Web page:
08:59 GMT18 May 2021
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    Sanctions Are Counterproductive

    Level Talk with John Harrison
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    Sanctions have become the foreign policy instrument of choice for many countries. But do sanctions actually work? It can be argued that they are in fact counterproductive, and have only made resolution of international tensions more difficult if not impossible without the use of force.

    Dr. Lee Jones, Reader in International Politics at Queen Mary, University of London and Professor Daniel Kovalik, lecturer of International Human Rights at the University of Pittsburgh School of Law, join this program.

    Dr. Lee comments that there is a general consensus that sanctions work about one third of the time. Despite the high failure rate, he sees that they are used because they are seen as being better than the alternative — which is war, and also because they create the feeling that something is being done about a particular country or issue. "In many cases they actually prepare countries for war, and there is a lot of contestation about that one third success rate, some people say that the success rate is as low as 5%….Most of the countries which are targeted by sanctions are ‘authoritarian' regimes, and these are the most resilient to sanctions, which may account for the high failure rate….Globalization and economic diffusion has certainly made enforcing sanctions a lot harder. You take a country like N. Korea; 90% of N. Korea's trade is with China, so if China wished to enforce sanctions it could have a crippling economic effect, but would it have the desired political outcome?, economic gain does not always translate into political gain, and that is precisely why China does not enforce sanctions fully because it may have disastrous consequences such as the collapse of the regime and the influx of vast numbers of refugees [into China]."

    Professor Kovalik comments that most sanctions are created for internal consumption of the country applying the sanctions. He says that the recent round of sanctions against Russia seems to have been passed for political reasons inside the US. The same could be said about the Iranian sanctions. "Firstly, sanctions are not even calculated to deal with what they are claimed to be dealing with. Secondly, you can say that countries, and the US is the biggest offender here, tends not to care about the suffering of the everyday person. An example is the US unilateral embargo against Cuba. They cost hundreds of millions of dollars, caused great suffering, and yet the US said it was doing it for the benefit of human beings."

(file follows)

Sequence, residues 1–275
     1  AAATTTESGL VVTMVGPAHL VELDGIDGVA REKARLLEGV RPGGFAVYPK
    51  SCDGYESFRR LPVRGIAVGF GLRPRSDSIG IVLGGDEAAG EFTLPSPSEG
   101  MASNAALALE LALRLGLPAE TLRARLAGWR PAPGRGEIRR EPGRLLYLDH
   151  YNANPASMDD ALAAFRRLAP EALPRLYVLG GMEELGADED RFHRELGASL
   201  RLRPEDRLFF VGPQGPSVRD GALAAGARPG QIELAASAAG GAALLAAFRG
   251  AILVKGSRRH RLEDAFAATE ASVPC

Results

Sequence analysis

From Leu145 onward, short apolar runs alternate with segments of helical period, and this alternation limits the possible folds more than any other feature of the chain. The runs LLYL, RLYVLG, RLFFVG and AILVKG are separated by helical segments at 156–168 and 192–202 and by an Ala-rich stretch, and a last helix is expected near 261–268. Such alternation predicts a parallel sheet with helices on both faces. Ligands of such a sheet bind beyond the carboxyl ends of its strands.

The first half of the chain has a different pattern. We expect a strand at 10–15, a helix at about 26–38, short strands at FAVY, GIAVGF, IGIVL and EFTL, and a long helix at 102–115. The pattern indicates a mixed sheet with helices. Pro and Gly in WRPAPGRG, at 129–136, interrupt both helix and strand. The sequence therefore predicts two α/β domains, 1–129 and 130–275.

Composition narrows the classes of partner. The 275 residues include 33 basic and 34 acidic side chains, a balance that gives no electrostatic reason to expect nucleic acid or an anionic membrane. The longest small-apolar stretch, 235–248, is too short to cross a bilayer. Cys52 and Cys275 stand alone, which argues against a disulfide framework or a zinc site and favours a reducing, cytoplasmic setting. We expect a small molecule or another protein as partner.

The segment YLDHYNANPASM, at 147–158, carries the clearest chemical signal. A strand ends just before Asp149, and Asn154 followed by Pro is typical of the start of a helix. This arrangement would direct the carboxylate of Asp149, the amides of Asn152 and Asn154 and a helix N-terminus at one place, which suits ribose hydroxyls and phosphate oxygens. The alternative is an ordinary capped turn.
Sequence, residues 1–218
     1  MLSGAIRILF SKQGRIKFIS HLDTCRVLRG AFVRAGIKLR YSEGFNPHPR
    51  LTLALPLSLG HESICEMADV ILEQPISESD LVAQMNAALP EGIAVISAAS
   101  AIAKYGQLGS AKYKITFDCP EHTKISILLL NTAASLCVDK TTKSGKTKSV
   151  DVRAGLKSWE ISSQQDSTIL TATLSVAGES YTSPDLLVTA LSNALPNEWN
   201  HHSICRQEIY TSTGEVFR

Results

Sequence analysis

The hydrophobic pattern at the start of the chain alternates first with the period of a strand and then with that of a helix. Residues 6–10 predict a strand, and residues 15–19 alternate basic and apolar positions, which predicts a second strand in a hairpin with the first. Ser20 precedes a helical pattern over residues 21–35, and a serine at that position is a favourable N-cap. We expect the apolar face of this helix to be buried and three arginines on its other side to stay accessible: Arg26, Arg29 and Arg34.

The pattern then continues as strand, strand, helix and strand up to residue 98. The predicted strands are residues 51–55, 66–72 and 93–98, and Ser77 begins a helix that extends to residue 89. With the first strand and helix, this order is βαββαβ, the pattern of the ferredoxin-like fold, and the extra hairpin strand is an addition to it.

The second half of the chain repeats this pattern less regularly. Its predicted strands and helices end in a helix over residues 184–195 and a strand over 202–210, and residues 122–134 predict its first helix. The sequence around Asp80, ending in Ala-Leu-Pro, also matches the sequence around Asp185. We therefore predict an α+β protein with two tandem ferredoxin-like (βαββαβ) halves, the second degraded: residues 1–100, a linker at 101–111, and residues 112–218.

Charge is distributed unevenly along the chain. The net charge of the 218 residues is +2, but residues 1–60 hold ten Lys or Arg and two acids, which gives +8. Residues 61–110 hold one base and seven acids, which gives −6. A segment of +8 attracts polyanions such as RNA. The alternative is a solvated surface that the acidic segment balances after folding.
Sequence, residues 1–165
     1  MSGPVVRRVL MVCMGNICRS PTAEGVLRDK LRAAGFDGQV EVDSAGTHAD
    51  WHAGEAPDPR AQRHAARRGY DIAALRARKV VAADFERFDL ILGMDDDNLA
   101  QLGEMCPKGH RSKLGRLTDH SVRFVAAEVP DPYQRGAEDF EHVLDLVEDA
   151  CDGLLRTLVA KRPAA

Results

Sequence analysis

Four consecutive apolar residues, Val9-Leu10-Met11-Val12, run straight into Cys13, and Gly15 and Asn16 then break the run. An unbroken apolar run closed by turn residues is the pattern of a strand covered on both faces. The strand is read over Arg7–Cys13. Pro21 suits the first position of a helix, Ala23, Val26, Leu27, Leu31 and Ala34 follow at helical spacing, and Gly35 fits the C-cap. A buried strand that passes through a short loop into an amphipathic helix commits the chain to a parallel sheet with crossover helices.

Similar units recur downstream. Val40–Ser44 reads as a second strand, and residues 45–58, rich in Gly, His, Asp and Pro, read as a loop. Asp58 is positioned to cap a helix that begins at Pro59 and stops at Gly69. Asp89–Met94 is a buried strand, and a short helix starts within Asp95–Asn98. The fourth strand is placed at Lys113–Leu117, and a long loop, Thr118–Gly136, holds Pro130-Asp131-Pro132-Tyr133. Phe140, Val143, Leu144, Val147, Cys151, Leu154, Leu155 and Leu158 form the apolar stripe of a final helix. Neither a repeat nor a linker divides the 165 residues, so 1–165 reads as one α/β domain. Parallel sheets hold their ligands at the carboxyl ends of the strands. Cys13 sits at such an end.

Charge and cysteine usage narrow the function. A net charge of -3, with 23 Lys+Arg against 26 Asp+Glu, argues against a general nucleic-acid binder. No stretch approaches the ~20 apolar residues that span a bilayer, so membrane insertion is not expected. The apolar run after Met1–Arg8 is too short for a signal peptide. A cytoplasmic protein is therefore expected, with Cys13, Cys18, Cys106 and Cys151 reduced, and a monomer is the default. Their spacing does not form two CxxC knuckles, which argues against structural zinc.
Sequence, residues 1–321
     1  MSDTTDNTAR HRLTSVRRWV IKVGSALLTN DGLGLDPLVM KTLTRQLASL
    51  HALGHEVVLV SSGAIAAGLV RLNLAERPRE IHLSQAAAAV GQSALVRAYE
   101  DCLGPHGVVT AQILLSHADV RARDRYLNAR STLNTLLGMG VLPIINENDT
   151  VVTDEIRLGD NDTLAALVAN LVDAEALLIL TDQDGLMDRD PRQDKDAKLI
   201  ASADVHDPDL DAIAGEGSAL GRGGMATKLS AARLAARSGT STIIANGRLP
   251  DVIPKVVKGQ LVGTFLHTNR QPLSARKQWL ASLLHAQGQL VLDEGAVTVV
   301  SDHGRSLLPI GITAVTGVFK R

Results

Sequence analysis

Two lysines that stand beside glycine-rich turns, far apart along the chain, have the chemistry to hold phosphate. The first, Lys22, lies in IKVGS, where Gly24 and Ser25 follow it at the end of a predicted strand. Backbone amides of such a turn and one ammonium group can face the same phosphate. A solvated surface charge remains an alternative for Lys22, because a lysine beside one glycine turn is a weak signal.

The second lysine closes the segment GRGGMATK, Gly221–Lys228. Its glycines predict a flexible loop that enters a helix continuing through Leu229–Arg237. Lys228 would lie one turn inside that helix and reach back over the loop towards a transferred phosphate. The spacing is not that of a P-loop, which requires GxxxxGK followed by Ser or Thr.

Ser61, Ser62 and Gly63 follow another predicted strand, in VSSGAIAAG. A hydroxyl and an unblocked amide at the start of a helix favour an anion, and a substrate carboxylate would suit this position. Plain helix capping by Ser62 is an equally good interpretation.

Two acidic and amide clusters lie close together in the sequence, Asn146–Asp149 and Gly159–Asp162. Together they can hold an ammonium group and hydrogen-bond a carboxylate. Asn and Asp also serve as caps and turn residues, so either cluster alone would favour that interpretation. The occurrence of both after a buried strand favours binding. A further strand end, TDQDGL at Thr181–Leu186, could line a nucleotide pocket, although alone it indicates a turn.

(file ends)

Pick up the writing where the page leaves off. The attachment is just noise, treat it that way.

Professor Kovalik mentioned that Germany has suggested that in regards to the new Russia sanctions, that "if a country like the US wants to sanction another country, they need to go to the Security Council." In regards to N. Korea, Professor Kovalik says that the sanctions are "painting N. Korea into a corner and so it has no choice but to behave in as bellicose a way as possible; conducting missile tests; I think the sanctions are counterproductive."

    Despite the drawbacks that Professor Kovalik points out, Dr. Lee says that sanctions will last. "Sanctions started to be used heavily in the 1980s, 1990s, with the rise of what then President Bush called the New World Order." R2P (the Right To Protect) is discussed in this context, and Professor Kovalik says: "I think the American people have to wake up to the fact that it is their country which is more of a threat to the rest of the world, than any other country. Polls from people around the world show that this is their belief… It is the US which has the empire and all of these threats and sanctions are signs of an empire in grave distress."

    An interesting discussion ensues about the ethical justification of sanctions and the introduction of so called ‘smart' sanctions. The connection of the use of sanctions and liberalism is discussed.

    The use of innocent people to bring about political change is close to the definition of terrorism, and yet this is what many sanctions are doing.

    We'd love to get your feedback at radio@sputniknews.com

    political tools, sanctions, Democratic Republic of North Korea (DPRK), US, Russia, Cuba, Venezuela
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